TALLINN – Ukraine's fight for its existence is also a fight for peace and dignity in Europe, and is also about the right to exist as a country and live free from repressions, which is why the aggressor must be defeated, Estonian Prime Minister Kaja Kallas said in her remarks at the Copenhagen Democracy Summit on Monday.
"For the Kremlin, democratic governance in Europe is a threat that it tries to destroy. It sees liberal democracy as its biggest enemy," Kallas said, adding that much of the free world is now inevitably focused helping Ukraine in the war, and rightly so.
"The aggressor must be defeated on the battlefield, but Russia is also waging a war against our democracies -- an energy war, an information war, a cyberwar. Democracies need to take steps to defend themselves in all these areas, as well as holding the line to defend a world where rules still apply, and where technology works for, not against, democratic societies," Kallas said.
"We in Estonia, at the front line of democracy, have long been aware of Russia's hybrid tactics. Many of their tactics are taken straight from the KGB playbook. They try to influence political and social choices and undermine trust within free societies. And not only within, but also between our societies -- one of Russia’s long-term goals is also to undermine unity between allies," she said.
According to the Estonian premier, our primary focus should be on making sure that aggression ends in defeat and that we are prepared to deter or stop its continuation or expansion in the future, as any "negotiated pause" serves Kremlin's interest so it can use the time to rebuild and prepare its forces for future aggression.
Kallas stressed that our international approach to Russia must remain firm and long-term.
"We should not believe in the goodwill of an outright aggressor and a cold-blooded war criminal. There should be no interpreting of Russia via a democratic lens. There should be no room for wishful thinking. Russia is a pariah state that needs to be isolated, there's no room for appeasement and forgiveness, no flirtation with business as usual and lifting sanctions. Half-baked solutions are dangerous. Our joint pressure against Russia must increase, not decrease," she said.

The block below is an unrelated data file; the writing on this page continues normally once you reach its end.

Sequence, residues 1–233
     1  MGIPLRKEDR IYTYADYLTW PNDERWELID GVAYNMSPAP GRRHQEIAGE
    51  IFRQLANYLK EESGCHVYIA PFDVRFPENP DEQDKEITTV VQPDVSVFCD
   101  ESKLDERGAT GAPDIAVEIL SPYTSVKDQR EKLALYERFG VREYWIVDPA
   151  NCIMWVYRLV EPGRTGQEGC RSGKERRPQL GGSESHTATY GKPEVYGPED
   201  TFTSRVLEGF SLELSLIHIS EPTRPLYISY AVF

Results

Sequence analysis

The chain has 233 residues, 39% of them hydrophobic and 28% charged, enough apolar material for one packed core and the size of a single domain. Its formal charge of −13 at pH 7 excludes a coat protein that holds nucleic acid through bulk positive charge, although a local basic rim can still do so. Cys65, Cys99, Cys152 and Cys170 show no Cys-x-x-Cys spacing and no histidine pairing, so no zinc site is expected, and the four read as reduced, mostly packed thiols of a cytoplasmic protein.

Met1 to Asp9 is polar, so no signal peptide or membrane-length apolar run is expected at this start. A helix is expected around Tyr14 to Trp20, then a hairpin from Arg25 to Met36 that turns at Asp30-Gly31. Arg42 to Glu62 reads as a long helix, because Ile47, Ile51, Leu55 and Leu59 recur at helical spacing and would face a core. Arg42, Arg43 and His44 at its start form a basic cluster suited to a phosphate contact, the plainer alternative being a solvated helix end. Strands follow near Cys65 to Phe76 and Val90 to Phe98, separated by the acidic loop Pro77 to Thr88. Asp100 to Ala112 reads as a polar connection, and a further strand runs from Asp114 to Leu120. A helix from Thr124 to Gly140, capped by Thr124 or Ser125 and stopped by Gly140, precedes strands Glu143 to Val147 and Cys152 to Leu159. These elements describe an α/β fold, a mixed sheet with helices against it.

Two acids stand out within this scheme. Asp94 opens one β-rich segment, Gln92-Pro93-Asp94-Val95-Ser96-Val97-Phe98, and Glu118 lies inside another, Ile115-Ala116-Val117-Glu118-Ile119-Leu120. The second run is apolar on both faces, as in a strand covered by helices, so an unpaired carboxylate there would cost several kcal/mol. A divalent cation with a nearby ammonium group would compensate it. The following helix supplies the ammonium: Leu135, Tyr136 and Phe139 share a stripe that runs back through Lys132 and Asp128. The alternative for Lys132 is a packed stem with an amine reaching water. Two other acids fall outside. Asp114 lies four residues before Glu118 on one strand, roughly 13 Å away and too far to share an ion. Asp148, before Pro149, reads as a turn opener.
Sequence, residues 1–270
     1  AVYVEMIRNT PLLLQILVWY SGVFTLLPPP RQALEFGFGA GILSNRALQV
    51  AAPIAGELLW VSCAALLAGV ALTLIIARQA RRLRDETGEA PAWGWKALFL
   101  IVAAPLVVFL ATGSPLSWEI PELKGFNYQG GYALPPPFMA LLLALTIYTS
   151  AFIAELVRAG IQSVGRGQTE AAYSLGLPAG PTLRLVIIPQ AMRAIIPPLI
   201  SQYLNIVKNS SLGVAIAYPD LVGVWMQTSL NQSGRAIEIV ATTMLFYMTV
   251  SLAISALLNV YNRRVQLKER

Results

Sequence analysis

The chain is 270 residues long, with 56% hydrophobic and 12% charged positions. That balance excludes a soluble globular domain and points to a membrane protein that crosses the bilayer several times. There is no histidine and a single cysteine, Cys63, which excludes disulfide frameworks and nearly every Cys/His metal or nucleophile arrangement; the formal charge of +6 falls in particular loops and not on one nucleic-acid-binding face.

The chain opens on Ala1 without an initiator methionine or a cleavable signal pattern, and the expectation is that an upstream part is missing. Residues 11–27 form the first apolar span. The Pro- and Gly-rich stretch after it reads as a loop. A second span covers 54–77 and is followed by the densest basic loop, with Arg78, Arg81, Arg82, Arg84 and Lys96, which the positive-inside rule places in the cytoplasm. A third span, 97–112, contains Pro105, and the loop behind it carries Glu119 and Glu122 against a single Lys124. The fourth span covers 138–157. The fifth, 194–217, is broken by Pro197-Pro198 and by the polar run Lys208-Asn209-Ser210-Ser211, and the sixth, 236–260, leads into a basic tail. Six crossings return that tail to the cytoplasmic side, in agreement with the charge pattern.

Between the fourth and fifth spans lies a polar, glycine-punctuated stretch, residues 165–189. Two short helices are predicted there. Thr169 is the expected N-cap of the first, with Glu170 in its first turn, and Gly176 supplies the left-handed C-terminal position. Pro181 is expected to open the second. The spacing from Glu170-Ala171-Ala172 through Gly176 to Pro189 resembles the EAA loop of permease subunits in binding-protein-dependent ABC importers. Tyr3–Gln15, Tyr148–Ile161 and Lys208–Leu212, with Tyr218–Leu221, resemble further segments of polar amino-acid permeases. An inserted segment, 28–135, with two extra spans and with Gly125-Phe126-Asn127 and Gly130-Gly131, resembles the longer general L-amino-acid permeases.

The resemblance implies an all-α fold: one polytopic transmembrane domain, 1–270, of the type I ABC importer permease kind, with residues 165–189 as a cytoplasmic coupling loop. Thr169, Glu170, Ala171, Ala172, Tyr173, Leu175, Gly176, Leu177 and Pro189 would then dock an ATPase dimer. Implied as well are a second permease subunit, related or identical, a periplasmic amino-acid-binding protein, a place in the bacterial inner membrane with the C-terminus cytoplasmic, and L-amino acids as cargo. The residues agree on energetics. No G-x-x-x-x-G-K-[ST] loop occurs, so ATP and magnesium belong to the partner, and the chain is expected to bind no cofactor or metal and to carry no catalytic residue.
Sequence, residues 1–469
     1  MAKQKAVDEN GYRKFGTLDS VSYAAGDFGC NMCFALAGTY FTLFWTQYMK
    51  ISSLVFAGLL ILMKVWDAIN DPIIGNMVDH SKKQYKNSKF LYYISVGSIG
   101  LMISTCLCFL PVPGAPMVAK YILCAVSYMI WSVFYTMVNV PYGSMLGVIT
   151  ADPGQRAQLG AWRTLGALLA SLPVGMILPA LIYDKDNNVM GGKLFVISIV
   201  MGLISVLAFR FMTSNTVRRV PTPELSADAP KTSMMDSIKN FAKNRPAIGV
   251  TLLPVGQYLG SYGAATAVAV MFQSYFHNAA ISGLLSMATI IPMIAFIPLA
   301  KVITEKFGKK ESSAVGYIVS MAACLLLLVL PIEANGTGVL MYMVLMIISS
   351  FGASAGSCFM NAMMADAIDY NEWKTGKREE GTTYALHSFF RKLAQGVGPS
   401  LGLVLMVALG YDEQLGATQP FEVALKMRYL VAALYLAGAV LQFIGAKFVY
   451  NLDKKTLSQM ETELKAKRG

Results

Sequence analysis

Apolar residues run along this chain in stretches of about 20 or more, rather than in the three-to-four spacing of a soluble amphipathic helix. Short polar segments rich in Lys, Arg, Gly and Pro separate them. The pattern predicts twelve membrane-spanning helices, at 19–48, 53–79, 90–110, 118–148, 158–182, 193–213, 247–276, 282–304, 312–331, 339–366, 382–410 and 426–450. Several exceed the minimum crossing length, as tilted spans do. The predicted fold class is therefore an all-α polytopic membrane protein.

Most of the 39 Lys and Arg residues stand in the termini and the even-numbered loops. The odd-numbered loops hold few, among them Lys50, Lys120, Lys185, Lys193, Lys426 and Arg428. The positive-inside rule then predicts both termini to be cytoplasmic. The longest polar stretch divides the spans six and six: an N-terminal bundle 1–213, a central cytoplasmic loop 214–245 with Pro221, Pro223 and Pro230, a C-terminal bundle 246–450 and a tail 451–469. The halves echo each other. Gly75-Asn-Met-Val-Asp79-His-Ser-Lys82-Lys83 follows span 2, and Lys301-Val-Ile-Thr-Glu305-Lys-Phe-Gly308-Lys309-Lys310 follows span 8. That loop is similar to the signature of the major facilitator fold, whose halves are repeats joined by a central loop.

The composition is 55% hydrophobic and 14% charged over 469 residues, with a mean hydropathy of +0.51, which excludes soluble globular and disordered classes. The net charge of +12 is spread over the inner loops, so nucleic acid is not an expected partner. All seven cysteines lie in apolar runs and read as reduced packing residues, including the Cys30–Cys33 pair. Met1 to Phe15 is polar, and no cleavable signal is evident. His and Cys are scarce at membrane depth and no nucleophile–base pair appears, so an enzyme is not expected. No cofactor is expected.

The faster Putin understands he has made a mistake, he will not reach his objectives and won't be able to break Ukrainians, the sooner this war ends, Kallas said. However, for victory there are several conditions and policies we need to pursue.
"First, for victory, freedom must be armed better than tyranny. This is the call by President Zelenskyy and this should be also our motto. It means that the number one focus should be arms, ammunition and training -- they all must continue at a scale sufficient for Ukraine to win the war," she said.
However, it is not only the battlefield success that will decide the outcome of the war.
"We have to show Kremlin it cannot outlast Ukraine and the free world economically. So, Ukraine's win also depends on our ability to dry up the Kremlin's income to finance its aggression," Kallas said.
For peace that lasts in Europe we need accountability. Without accountability, Russia's cycle of violence will never stop.
"But it's not just Putin's war. The Russian people also have responsibility -- as long as territorial expansion is considered a virtue in Russia, and human lives lost are its acceptable side-effects, Russia's aggression will sooner or later return and there can be no lasting peace in Europe," Kallas said.
She stressed that no impunity for war crimes must remain a cornerstone of our long-term policies. No-one is immune, not even the sitting head of the permanent member state of the UN Security Council.
"Until that's not the case, we should prepare for the worst. Stopping aggressor has its cost. Life next to a pariah state has a cost. Hence, we need to strengthen our own defense and security and adapt accordingly -- we in NATO need to undergo changes in our planning, in our defense budgets and capabilities. Peace and stability of Europe is secured by the geopolitical European Union and by NATO that is able to defend Europe militarily," she said.
"We also need to end grey zones in Europe. Grey zones fuel conflicts and invite dictators to invade. It has become clear that for peace in Europe, we need Ukraine in NATO and EU," the Estonian head of government said.